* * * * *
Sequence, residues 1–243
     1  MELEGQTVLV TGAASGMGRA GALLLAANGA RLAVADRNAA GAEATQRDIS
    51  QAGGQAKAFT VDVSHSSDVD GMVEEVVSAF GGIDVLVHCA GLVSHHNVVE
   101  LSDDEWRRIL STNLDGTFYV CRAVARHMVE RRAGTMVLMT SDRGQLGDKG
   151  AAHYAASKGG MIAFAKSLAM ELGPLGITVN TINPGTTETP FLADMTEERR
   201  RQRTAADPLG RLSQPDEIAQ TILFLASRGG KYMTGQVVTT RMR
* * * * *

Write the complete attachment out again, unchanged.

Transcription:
Sequence, residues 1–243
     1  MELEGQTVLV TGAASGMGRA GALLLAANGA RLAVADRNAA GAEATQRDIS
    51  QAGGQAKAFT VDVSHSSDVD GMVEEVVSAF GGIDVLVHCA GLVSHHNVVE
   101  LSDDEWRRIL STNLDGTFYV CRAVARHMVE RRAGTMVLMT SDRGQLGDKG
   151  AAHYAASKGG MIAFAKSLAM ELGPLGITVN TINPGTTETP FLADMTEERR
   201  RQRTAADPLG RLSQPDEIAQ TILFLASRGG KYMTGQVVTT RMR